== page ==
How Much Does a Booth in a Home & Garden Show Really Cost?
If you ended with a possible yes from part one of our Home and Garden Show series, Should Your Home Contracting Business Participate in the Next Home Show?, then you'll want to outline your budget details. No one wants to build a beautiful and costly booth, and have no one see it.
First, start with your ultimate end goal—how many leads, or more importantly, how much new business is this home show going to bring you? If this isn't your first home show, then you have the luxury of historical data to look at. If it is your first, talk to a few other professionals that have done the show before. Find out what is realistic and build from there.
Something that home show veterans will tell you is it's not about the quantity of leads, but rather the quality. Go ahead and sign every tire kicker up for a free consultation and watch your customer acquisition costs go through the roof. Spend the time to pre-qualify people right at the show. It will be the best thing you do at the home show.
Now it's time to figure up some costs. Consider the sum of your non-promotional costs associated with the show, including booth fees. The simplest way to get these costs is to treat the home show display like any other design/build project your company does. What will your labor costs be to design the home show booth, build it either onsite or in advance including rentals, delivery fees, fuel, etc. Pulling off a great home and garden booth is well over 80 labor hours all said and done. Don't underestimate the logistics of working in a unusual environment like indoor facilities with 200 other companies trying to do the same. It's often complete maddness.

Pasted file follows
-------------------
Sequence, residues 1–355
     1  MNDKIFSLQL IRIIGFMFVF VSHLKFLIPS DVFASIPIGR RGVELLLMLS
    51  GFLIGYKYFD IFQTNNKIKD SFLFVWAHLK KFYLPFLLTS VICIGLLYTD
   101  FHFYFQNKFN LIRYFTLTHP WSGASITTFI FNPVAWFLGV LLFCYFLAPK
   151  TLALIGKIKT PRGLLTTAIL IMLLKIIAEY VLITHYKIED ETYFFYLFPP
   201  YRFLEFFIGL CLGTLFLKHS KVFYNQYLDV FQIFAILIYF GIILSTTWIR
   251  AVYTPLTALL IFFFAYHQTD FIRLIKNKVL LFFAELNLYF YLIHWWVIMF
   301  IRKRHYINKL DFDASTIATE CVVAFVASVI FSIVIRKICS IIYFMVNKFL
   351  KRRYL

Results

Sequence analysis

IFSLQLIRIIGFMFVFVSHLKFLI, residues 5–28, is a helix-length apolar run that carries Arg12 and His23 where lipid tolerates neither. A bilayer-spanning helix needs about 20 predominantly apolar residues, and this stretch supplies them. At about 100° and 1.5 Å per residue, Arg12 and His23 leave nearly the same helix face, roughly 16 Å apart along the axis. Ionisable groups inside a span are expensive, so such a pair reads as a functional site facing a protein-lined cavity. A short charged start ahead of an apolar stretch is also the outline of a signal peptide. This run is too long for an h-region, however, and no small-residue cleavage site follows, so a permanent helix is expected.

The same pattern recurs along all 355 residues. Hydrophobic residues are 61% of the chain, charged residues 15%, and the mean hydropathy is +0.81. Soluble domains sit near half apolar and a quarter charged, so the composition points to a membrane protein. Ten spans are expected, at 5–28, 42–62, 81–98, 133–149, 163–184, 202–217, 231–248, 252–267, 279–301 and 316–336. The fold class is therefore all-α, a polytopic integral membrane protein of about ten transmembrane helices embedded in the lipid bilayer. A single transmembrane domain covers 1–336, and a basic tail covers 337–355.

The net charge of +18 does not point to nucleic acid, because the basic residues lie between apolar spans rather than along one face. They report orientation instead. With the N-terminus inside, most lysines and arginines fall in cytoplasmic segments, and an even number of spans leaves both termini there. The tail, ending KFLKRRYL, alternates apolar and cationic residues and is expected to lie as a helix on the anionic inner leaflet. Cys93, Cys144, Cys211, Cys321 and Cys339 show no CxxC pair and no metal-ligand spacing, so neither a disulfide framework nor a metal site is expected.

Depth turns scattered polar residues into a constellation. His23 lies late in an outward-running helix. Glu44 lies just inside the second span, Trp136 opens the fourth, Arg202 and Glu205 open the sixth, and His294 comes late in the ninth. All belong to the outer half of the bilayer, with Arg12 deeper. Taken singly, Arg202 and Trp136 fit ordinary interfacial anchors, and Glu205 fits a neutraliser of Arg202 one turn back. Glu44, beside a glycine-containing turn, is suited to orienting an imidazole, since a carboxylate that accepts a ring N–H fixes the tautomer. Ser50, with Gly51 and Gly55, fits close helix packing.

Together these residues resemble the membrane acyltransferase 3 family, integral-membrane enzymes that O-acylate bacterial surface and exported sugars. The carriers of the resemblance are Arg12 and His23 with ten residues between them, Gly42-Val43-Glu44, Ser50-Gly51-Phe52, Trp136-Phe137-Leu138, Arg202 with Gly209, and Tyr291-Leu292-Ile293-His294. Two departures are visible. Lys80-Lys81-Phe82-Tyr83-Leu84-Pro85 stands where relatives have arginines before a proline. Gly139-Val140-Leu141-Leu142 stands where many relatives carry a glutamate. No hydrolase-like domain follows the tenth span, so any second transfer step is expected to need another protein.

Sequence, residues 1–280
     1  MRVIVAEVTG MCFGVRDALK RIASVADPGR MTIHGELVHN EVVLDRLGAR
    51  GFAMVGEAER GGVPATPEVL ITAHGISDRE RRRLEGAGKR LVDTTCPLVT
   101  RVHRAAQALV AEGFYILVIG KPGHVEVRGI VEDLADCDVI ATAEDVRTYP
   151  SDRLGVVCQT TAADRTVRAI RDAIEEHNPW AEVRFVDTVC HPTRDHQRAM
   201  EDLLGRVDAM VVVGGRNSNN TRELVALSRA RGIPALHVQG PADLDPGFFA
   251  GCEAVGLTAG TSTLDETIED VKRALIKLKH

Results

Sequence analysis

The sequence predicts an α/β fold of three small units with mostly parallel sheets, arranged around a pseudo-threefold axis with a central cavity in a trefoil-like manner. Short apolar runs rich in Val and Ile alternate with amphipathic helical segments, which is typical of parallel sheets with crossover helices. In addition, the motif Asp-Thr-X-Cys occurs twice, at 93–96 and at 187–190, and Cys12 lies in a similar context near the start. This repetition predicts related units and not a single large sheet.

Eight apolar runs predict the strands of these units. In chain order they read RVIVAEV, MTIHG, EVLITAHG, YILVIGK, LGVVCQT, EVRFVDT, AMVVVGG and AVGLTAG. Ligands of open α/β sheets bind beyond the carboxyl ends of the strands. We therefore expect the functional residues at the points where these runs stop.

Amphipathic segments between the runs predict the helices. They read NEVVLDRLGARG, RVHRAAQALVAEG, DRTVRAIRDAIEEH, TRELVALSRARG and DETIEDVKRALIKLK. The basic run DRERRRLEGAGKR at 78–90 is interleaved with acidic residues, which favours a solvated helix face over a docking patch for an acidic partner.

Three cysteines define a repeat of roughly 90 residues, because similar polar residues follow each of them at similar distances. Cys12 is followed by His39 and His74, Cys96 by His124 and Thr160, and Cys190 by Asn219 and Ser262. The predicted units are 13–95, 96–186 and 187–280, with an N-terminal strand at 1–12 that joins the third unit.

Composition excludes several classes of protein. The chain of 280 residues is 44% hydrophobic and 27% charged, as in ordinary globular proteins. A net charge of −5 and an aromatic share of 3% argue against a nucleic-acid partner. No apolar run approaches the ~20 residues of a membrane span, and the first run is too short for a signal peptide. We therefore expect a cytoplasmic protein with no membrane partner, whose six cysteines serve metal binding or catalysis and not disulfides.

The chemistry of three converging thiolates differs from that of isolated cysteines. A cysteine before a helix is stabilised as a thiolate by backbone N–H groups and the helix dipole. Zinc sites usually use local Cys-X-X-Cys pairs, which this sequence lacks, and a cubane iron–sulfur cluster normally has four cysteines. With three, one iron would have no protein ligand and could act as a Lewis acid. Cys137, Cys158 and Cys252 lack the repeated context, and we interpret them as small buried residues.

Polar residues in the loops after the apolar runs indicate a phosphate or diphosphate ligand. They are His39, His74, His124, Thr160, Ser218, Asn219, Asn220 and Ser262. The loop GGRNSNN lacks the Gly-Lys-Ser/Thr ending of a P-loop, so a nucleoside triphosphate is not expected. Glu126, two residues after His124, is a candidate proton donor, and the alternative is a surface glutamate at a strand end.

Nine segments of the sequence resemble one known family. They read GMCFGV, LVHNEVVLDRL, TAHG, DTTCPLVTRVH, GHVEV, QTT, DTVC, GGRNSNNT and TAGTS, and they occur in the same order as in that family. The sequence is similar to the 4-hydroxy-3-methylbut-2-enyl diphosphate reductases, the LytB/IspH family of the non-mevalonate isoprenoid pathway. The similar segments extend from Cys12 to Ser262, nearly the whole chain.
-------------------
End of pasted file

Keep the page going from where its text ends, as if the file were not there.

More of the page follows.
What's next? Obviously materials are a big expense. Chances are, if you've been in business for at least a few years with decent sales volume, a product manufacturer or your dealer will help out with the material costs associated. Many building product manufactures even have home show policies in place in which materials are provided to you at reduced costs or even free. Do your homework and network with your materials sales reps well in advance of the show to get an arrangement set.
Lastly, promoting your company's presence at the home show is often overlooked by home contractors. With all of the time and expenses involved in getting the booth set-up and ready, actually promoting it is the cheap part. While the company putting on the show is quick to tell you how many print ads they will run, and all about the wonderful direct mail campaigns they will use to promote the show, it's important to realize that—even if all that is 100% true (uh-hum)—you still need to drive people to your booth. Most of this, if not all, can be done digitally through social media, blogging, and PPC campaigns.
Read part 3 in this series: What to do when the home show doesn't produce enough leads.
Image Susan Reimer via Flickr